The forums here have always been friendly and civil, and we want to keep it that way.

Thank you for your understanding. If you have a problem with this policy let me know.

bronwyncarlisle
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Bento-ing from: Dunedin › New Zealand
Joined: 12 Jan 2009
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Re: Any other VERY HUNGRY veg*ns out there have trouble ...

I'm very sorry if I offended you, that was not the intention.

You may very well be able to lose 60 lb in much less than a year, but it IS generally accepted that fast weight loss is not healthy, and is far more likely to be put right back on afterwards. Most nutritionists seem to recommend a pound a week as a reasonably healthy achievable target, and that is more than a year for 60 lb. It doesn't make much difference whether you are really tall and slightly overweight or really short and obese. A short and obese person should be able to safely lose weight quite a bit faster than that to start off with, but the weight gets much harder to lose after a little while. A good friend of mine (who is short) used Sureslim a couple of years ago to try to get from ~110kg to 80kg, a loss of a little more than 60lb. She lost huge amounts to start with, 2kg some weeks, but it averaged out at about 1/2 kg (~1lb) a week over the long term. She didn't quite make it to her target either!

When I say carb, protein and fat, I'm referring to the nutrients themselves, not the foods that contain them. Even meat contains some carbohydrate in the form of glycogen.

As far as protein and fat go, you seem to have ignored the part of what both Maki and I said about them making you feel full. You are quite correct that we don't need to eat enormous amounts of protein or fat for health, but we do need to eat some. On the other hand, we don't actually NEED to eat any carbohydrates at all; they only provide energy and we can get all the energy we need from protein and fat if necessary. So if you are trying to cut back on total calories it makes a certain amount of sense to eat those calories in the form that makes you feel fullest, don't you think? Foods that are richer in protein, fibre, and fat do that. I'm not saying don't eat carbs, but you can cut them down quite a lot while you're trying to lose weight.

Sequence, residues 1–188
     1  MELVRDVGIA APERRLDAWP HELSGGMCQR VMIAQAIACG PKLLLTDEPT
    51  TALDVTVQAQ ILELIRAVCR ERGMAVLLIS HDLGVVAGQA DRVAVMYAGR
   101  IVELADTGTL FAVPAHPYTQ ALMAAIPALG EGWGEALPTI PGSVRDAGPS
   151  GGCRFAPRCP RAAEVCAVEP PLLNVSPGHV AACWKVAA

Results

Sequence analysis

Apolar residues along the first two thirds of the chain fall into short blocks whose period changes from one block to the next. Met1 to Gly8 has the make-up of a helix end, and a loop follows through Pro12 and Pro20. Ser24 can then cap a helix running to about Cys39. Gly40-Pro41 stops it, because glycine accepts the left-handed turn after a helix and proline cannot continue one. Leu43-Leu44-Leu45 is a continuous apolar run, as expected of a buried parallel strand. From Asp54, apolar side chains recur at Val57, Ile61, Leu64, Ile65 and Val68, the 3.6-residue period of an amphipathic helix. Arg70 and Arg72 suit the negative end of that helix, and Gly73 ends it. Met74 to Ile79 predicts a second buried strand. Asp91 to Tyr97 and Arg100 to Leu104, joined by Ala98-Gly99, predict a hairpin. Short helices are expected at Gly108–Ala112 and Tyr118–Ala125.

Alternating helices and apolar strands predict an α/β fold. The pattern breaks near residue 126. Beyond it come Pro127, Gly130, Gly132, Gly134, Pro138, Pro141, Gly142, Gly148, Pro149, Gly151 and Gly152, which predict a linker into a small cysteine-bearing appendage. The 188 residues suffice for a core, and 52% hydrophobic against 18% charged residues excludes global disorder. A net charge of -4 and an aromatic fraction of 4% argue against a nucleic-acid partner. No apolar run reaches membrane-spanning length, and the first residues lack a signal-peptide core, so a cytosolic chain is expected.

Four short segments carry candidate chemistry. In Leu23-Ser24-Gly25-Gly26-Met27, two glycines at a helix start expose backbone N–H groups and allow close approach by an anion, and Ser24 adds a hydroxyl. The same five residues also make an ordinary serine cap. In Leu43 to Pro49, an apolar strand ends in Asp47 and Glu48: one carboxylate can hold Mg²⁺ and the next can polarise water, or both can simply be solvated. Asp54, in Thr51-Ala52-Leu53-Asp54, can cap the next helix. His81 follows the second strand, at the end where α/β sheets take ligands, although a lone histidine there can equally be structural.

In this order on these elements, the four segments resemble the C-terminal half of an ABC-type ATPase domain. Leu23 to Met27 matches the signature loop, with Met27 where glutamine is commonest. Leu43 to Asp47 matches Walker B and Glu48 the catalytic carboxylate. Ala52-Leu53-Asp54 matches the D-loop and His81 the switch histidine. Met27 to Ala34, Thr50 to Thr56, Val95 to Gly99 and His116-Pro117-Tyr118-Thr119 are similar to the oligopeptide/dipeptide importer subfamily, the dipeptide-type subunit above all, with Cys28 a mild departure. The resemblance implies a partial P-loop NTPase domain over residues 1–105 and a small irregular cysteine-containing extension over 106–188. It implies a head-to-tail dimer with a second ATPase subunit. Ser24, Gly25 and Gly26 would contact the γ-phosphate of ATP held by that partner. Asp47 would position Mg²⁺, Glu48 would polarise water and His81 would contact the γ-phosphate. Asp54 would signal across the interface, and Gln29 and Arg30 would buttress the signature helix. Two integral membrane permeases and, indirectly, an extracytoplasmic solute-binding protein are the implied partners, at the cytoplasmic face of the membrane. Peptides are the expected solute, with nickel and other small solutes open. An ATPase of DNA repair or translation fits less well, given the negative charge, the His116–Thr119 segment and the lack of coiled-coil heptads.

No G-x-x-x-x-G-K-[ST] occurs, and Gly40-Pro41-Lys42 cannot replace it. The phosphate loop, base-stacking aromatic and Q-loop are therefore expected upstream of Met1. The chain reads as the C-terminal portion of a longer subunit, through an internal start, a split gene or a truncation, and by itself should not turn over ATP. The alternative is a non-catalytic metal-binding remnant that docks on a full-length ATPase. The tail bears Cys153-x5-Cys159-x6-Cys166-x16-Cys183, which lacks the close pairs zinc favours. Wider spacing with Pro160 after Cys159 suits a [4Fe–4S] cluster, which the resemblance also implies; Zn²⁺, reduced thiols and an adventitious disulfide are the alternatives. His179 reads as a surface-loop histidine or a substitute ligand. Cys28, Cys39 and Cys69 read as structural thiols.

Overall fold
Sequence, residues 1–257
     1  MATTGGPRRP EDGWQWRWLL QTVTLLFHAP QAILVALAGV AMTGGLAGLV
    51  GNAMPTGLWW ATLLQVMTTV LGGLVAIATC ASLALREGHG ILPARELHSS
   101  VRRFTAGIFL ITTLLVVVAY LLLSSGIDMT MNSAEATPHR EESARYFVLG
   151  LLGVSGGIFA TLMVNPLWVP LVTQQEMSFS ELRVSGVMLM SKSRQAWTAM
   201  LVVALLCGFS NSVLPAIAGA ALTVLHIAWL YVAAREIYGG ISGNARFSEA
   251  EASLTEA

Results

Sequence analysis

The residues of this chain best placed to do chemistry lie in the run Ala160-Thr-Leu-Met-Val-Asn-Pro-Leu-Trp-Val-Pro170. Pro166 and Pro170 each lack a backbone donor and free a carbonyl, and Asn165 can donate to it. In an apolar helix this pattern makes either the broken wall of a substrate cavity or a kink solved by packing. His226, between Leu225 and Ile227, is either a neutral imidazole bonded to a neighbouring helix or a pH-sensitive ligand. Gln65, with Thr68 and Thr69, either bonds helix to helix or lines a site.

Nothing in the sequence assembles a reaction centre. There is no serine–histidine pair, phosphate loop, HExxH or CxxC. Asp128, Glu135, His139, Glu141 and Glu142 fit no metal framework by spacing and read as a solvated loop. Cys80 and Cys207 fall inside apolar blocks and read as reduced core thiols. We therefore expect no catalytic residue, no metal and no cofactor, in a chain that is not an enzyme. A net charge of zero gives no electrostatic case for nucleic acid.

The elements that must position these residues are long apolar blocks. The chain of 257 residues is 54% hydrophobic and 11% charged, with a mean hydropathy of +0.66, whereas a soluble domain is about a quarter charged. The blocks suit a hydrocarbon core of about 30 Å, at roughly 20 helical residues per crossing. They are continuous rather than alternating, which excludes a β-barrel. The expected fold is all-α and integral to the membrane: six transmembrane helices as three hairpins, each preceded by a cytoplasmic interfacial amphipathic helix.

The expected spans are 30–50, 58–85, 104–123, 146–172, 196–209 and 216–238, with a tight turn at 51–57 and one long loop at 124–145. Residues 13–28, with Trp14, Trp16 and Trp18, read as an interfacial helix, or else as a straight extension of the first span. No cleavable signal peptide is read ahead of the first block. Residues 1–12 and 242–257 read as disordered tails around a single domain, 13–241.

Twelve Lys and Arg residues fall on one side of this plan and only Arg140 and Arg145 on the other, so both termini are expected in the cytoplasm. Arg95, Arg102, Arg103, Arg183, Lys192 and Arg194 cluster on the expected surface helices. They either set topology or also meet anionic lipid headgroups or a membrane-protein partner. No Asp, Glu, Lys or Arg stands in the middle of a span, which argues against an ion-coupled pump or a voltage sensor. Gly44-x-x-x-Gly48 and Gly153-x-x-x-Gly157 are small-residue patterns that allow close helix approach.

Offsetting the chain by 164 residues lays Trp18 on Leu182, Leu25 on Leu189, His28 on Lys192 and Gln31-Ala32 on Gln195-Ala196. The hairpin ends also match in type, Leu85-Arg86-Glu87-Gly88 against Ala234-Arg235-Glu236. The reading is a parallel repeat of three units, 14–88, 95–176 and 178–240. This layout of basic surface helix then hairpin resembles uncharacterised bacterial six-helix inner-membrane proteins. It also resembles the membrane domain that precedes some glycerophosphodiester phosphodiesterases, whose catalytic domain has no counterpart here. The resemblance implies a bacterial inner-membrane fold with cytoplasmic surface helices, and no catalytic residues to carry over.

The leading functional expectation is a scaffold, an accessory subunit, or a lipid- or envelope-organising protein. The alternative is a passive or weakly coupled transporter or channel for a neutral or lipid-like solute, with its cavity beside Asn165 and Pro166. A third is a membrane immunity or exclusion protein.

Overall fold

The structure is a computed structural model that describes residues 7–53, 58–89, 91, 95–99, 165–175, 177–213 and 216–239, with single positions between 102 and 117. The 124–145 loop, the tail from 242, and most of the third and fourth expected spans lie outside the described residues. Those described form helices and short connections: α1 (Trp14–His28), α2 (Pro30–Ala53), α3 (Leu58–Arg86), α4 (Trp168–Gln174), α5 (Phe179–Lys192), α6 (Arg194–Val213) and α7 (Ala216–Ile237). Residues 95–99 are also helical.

I'm familiar with the vegan diet, although I don't follow it myself. I've cooked for vegans often. When I say eat more protein, I mean eat something like lentils instead of rice in a dish, getting a higher proportion of protein to carb in the bulkier foods. If you are going to eat "straight" carbs eat high fibre ones - brown rice has more fibre than white (3.4% as opposed to 1.4% according to CalorieKing), but it still doesn't have a huge amount. I was part of a study a while ago that was comparing a high fibre/high protein diet with a normal one, and the high fibre people had to eat bulghur wheat instead of rice. It has much more fibre (18%, again according to the CalorieKing database). The results of the study, by the way, were that high fibre/high protein turns out to be good for losing weight and good for reducing type 2 diabetes.

And I may not be a nutritionist, but I AM a biochemist and I do have a pretty good grounding in what nutrients are necessary and what they all do.

Loretta
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Bento-ing from: London › UK
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Re: Any other VERY HUNGRY veg*ns out there have trouble ...

I was a vegetarian for over ten years, but this was before the internet was around so I did my research the old fashioned way with resources that I would now be suspicious of.

If you haven't seen this thread already I'd like to point you to c-helle's comments
http://justbento.com/forum/bento-life
This is a real life example that may explain some of the comments you've objected to.

I personally see a lot of useful advice in this thread you've created. The sureslim idea of adding seeds to a diet is something you could try for yourself very easily by adding a zakkokumai style mix to your rice - linseed/flax, buckwheat, sesame, amaranth, quinoa, millet, poppy seeds and even sunflower and pumpkin seeds (although I would cut or grind these last two). For myself, I find that a cup of rice with a tablespoon of added seeds/grains is more filling than rice alone. You might even like to try adding a spoon of oats to your rice (oats are well known for releasing energy slowly helping you feel 'full' for longer - a breakfast of soy milk oat porridge and fruit could be an ideal way to start your day).